Designing in three steps – The art director of Pixar came to Budapest
A real people person with an extravagant vibe and an ageless look, she’s a modern-day Diana Vreeland, who also happens to be her role model. The name Deanna Marsigliese may not sound familiar to many, but her characters are. She has been with Pixar Studios for 10 years and she’s closely linked to many Academy Award-winning aminated films. She described the ins and outs of her work method in a full-house talk delivered at Moholy-Nagy University of Art and Design.
For a long time, Marsigliese believed she did not have a distinctive, organised creative workflow. Now, decades later, she structured her talk around three specific topics – intuition, curiosity and meaning –, which she says characterises her method. Though her system may appear overly generalised at first, it can be helpful precisely for this reason for all designers, from seasoned animation professionals to emerging product designers.
Many designers know what it’s like to suffer form creative anxiety, overthinking, and questioning their own paths. They often ask themselves if what they do is good enough. For this reason, Deanna always listens to her gut feeling in the beginning, which, she says, results in acceptance of ourselves and getting recognition for our works.
“Working intuitively actually helps me to focus on the feeling of something. Not the facts. The feelings are far more important in the stories we tell. That’s how our connections are made.”
During the development phase of Luca (2021), they sought an intuitive approach to subject, creating cheerful, colourful and vibrant atmosphere reminiscent of children’s drawings. For this, they needed a technique to swiftly and vigorously render raw ideas into creative output, which is how collage, which can handle shapes, textures and colours at the same time, became their method of choice.
During a brainstorming session for the film Soul (2020), a sketch made by one of her associates ignited her imagination, prompting her to action. She twisted wires and shaped them into figures, which ultimately became the basis for the characters. The way the sunlight hit them lent them some ethereal, insubstantial quality, and this intuitive feel was a perfect fit for the basic concept ultimately inspiring the character designers.
You don’t need to spend millions to be curious, she says. All you need to do is take a walk downtown or look around in your living space. When designing Inside Out (2015) for example, she was roaming the streets of her native San Francisco, and kept practicing in her head.
“Mind the spark in your friends, mind the spark in your family. Don’t overlook things you think you know well.”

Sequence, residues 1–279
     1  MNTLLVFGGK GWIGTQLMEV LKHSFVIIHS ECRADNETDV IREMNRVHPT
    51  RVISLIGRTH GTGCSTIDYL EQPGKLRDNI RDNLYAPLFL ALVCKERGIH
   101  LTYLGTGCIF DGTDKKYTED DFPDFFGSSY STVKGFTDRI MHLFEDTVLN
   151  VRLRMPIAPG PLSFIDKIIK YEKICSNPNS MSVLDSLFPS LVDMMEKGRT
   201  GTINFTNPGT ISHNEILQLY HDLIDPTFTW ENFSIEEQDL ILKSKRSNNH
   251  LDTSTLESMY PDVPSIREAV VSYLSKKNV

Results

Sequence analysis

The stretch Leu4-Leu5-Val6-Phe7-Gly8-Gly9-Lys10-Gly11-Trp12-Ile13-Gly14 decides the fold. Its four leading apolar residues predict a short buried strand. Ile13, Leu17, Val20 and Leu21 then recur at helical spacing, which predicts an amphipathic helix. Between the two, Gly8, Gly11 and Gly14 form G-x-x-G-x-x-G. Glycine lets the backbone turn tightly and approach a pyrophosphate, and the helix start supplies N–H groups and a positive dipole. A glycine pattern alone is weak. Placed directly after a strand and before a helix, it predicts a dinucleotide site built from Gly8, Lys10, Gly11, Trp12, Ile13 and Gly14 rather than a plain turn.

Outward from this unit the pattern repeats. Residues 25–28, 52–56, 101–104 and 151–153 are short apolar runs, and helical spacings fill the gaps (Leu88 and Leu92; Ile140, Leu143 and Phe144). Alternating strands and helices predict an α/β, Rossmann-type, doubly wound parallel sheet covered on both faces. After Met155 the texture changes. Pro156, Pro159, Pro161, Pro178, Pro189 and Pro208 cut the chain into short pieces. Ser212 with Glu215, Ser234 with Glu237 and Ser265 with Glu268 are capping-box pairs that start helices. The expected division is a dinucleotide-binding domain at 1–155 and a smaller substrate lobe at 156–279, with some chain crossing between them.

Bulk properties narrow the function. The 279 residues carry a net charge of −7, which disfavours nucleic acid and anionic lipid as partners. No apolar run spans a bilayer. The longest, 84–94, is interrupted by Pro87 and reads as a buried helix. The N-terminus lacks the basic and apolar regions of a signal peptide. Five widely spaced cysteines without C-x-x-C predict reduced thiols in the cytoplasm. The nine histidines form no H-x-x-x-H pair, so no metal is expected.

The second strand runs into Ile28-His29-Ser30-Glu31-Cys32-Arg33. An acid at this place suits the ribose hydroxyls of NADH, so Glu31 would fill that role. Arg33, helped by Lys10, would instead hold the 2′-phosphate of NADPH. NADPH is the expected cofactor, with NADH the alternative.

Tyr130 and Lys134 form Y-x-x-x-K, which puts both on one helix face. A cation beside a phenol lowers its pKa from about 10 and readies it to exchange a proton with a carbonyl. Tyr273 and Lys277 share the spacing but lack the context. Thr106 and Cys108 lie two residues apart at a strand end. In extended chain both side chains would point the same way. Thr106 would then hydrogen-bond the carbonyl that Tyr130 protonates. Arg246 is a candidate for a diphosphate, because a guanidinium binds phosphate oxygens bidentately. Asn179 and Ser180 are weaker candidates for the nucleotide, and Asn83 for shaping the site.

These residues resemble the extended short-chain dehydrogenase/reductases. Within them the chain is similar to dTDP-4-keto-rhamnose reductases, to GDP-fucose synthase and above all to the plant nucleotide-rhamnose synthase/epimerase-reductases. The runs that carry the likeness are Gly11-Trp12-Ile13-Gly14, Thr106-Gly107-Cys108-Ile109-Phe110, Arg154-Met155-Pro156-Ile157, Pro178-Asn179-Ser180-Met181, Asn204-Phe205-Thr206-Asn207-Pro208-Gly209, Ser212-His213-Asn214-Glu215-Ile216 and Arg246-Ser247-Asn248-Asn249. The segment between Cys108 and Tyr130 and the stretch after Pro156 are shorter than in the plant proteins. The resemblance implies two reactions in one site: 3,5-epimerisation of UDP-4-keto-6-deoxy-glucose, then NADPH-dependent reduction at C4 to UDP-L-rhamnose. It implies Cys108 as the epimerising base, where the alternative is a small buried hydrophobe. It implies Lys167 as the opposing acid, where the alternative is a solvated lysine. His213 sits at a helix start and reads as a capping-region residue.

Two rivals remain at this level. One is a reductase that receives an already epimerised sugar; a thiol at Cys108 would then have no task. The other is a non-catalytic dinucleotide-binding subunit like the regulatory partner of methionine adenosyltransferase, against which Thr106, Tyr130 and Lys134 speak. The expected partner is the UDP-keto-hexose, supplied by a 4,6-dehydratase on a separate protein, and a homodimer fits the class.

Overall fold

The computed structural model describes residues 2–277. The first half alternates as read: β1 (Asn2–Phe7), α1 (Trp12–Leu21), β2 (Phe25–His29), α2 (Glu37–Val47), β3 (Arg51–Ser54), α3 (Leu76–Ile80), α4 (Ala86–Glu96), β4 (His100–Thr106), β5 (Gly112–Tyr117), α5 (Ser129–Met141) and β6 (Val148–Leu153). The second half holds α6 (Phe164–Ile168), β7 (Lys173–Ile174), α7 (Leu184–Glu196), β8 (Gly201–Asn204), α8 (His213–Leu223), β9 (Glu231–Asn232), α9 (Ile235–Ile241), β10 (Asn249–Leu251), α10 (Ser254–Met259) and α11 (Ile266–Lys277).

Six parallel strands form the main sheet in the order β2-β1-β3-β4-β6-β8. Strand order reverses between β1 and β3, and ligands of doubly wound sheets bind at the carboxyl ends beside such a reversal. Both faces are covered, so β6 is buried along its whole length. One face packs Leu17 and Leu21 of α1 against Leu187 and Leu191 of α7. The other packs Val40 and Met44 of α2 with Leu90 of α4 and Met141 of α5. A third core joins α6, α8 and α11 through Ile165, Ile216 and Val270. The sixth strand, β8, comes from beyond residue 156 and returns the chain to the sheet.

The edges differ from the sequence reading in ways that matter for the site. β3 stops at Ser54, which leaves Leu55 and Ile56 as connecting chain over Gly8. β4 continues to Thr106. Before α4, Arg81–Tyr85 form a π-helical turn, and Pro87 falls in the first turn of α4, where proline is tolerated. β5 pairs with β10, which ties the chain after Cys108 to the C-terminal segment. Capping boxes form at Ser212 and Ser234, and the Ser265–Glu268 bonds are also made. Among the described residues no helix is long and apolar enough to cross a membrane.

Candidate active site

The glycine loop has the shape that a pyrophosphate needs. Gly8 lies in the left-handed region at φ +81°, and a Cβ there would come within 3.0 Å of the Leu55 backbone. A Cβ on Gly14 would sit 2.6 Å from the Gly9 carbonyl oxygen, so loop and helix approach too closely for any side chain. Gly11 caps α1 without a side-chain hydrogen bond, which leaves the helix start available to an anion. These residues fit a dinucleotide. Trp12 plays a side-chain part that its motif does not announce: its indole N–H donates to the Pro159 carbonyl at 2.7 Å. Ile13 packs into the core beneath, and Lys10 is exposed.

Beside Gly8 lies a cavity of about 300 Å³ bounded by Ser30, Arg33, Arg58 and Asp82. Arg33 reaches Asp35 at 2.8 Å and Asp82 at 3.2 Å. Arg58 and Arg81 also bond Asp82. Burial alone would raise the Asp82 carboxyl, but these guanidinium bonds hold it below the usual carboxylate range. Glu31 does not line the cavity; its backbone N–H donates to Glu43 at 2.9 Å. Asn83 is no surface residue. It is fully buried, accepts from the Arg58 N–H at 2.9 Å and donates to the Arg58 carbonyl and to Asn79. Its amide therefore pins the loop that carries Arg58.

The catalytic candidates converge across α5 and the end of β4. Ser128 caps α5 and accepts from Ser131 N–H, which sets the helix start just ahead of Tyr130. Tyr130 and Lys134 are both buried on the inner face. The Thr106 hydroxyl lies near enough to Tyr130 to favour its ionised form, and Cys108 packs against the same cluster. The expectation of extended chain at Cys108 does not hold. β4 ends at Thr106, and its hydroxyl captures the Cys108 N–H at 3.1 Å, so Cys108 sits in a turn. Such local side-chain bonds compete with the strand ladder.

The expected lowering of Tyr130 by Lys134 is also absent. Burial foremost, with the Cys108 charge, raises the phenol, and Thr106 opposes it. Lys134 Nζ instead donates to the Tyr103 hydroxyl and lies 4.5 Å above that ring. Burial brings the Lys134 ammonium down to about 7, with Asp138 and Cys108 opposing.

When making Luca (2021), she and the crew had the opportunity to visit Cinque Terre, the place where the story takes place. Their curiosity was sparked even before they left for it, inspiring them to watch a great many Italian cult classics, and look at thousands of photos from the 20th century. By the time they arrived, it was turned it a sort of game. They followed the locals around without forming any expectations, in the hopes of getting closer to the essence of things. One of the character designers made such a thorough study of the walls there that they could have easily reproduce all cracks and patterns from memory.
“All those hundreds of hours I spent being curious, it was exactly what allowed me to design 43 characters in 3 hours. I just sat down and it all came out.”
When, a couple of days after the trip, she showed the first drafts, no one could believe she was able to produce drawings within such short period of time and of such high quality. The lesson for her was that thanks to all that research and preparation, she had everything in her head by the time she sat down to design.
Meaning at deeper levels is what can turn characters into genuine, mature heroes, made evident by the tinies details and the finishing touches. Although fashion is her passion and collecting clothes a beloved hobby, she underlined more than once that being enthusiastic is generally not enough.
“Being close to something and enjoying it is not enough.”
You can use intriguing forms to boost your self-confidence or incredible drawing skills to cover up weaknesses, but unless you understand the hows and the whys, it’s not going to work. An artist needs to know what they want to stand for, which is something she realised after she submitted her first work to Pixar. If she wanted to create authentic characters, she would need the experience the world where the story takes places, as well as the feelings of the characters.
The talk was followed by a lengthy Q&A session, where one of the most important questions was immediately raised: How can you, as a young designer and emerging artist, manifest all that? Her reply was more relevant than ever, pointing out that anyone can learn to design, it is much more important to be able to show how you approach and see the world. Depicting thoughts clearly is the more difficult task. To master this, it’s not drawing classes you need, but the right approach.